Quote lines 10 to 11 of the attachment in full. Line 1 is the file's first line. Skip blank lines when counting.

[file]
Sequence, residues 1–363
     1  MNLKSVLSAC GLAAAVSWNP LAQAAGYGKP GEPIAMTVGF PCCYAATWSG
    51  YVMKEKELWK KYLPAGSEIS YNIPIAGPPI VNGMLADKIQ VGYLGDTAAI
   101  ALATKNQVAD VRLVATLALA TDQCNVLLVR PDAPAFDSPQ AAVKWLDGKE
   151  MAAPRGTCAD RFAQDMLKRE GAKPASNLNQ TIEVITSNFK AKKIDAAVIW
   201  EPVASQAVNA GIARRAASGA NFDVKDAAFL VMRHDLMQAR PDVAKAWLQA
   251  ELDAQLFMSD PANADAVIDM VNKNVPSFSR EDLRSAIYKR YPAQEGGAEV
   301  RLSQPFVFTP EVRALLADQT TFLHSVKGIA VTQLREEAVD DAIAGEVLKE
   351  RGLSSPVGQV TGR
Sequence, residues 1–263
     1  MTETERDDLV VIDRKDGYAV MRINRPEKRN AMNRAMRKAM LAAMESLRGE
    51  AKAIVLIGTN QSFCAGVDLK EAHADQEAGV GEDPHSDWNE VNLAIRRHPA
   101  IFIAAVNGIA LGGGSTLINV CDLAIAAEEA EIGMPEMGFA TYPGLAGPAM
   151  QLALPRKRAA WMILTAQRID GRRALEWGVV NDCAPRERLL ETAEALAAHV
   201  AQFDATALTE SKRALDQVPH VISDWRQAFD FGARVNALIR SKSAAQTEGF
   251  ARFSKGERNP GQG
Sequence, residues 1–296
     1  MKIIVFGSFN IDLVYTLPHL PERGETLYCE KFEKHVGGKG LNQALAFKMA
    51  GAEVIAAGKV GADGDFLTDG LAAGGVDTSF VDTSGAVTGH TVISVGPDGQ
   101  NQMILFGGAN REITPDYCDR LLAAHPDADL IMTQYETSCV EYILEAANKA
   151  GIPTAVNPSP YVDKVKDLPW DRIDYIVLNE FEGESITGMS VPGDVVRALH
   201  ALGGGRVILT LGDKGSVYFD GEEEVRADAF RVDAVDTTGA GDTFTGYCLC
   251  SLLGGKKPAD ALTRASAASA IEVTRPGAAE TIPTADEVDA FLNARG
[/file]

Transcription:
Sequence, residues 1–263
     1  MTETERDDLV VIDRKDGYAV MRINRPEKRN AMNRAMRKAM LAAMESLRGE